On July 1, more stringent protections for Colorado's elderly residents will take effect, along with a package of reforms put in place as protection for the growing segment of the population that is aging.
By 2050, there are expected to be 93.7 million Americans over 65, nearly double the numbers in 2014, according to a census projection.
Cases of suspected exploitation or abuse witnessed by or reported to clergy, social workers or those in the health care field will now be required to be investigated. Local law enforcement and the District Attorney's office will become involved through the Adult Protective Services office in each county. Colorado had been one of three remaining states that didn't have those requirements in place for at-risk elders age 70 and older.
The state will be diverting funds to counties to reduce their caseloads to 25. The state also wants the county offices to separate their investigations from their case management. Adult Protective Services is also implementing a new computer system to assist them with deciding whether clients need advocates or county services.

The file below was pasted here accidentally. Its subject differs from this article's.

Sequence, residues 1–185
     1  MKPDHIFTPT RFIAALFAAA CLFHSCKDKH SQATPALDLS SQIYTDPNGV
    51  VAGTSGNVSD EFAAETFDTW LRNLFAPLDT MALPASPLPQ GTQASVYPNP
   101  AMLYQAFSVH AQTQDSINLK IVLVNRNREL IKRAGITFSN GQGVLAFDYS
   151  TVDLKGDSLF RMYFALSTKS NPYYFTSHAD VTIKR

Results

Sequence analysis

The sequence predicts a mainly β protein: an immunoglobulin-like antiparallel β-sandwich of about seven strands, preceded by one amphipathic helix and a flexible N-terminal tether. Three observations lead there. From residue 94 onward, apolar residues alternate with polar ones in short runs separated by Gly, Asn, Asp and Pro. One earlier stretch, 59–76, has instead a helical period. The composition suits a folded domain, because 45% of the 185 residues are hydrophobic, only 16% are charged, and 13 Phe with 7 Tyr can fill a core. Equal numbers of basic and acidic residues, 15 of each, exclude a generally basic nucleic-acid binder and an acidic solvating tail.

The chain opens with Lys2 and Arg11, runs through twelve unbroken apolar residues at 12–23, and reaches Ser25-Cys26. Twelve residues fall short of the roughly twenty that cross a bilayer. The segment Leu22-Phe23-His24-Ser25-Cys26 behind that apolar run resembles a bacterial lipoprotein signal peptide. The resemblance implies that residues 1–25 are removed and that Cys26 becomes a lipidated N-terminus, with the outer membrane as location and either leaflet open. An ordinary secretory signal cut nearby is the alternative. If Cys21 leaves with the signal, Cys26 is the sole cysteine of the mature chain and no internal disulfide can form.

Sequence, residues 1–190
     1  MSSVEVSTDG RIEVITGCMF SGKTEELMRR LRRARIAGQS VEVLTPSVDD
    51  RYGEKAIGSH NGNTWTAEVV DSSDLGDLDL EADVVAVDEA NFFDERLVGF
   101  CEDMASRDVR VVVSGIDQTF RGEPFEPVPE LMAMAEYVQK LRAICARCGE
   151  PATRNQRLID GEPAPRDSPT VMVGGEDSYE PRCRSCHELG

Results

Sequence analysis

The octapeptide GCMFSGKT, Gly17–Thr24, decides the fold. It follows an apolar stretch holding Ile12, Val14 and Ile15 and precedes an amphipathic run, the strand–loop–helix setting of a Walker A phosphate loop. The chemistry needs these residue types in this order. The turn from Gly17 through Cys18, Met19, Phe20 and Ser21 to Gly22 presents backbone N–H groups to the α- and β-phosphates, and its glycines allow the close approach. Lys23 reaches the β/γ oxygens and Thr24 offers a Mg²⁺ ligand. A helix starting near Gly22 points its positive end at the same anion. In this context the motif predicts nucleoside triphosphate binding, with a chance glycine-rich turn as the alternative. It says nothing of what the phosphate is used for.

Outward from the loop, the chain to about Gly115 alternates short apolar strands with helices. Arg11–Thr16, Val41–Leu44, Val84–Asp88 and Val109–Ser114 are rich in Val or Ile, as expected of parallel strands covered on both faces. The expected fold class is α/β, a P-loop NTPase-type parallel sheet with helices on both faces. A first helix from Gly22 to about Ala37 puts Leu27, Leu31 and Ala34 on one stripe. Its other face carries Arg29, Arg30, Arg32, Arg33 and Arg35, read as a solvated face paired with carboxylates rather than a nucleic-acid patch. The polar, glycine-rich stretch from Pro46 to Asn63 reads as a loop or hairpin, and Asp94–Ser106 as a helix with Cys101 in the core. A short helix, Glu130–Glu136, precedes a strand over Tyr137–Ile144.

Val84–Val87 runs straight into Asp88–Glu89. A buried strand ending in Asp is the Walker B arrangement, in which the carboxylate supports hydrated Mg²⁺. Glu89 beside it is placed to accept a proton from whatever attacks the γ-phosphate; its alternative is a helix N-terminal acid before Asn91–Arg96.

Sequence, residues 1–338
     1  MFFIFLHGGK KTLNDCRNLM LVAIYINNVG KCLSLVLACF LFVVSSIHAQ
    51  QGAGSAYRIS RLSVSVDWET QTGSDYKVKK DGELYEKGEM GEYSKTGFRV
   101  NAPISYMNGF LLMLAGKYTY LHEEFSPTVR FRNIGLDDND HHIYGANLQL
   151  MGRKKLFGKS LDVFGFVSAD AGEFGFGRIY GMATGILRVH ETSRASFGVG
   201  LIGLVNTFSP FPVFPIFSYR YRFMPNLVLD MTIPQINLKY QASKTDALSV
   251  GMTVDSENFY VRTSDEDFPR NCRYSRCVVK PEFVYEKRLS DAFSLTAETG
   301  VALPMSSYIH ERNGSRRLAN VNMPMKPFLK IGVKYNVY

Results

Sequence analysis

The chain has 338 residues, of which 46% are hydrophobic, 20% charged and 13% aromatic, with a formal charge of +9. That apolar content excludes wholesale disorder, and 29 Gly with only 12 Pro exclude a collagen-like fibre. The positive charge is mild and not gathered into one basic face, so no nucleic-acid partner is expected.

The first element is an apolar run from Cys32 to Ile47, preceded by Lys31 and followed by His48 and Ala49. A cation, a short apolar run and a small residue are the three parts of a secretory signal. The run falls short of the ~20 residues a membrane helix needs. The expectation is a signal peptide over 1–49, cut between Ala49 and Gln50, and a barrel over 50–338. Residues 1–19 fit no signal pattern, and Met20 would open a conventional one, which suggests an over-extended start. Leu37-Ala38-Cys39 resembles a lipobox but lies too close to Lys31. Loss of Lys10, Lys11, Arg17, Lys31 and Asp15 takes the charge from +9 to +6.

One caseworker sees a problem in the sense of entitlement that adult children have regarding the possessions their parents have accumulated over a lifetime of hard work. "They feel entitled to take their money and their property. They feel it's owed to them," she said.
The only way one can gain official control over someone's financial affairs is through a conservatorship obtained through the civil courts. If you suspect that an elderly or mentally challenged relative is being financially exploited, a Colorado attorney can petition the court for a guardianship or conservatorship to protect them and their assets.
Source: CortezJournal.com, "Elderly-abuse laws take effect July 1" Mary Shinn, May. 19, 2014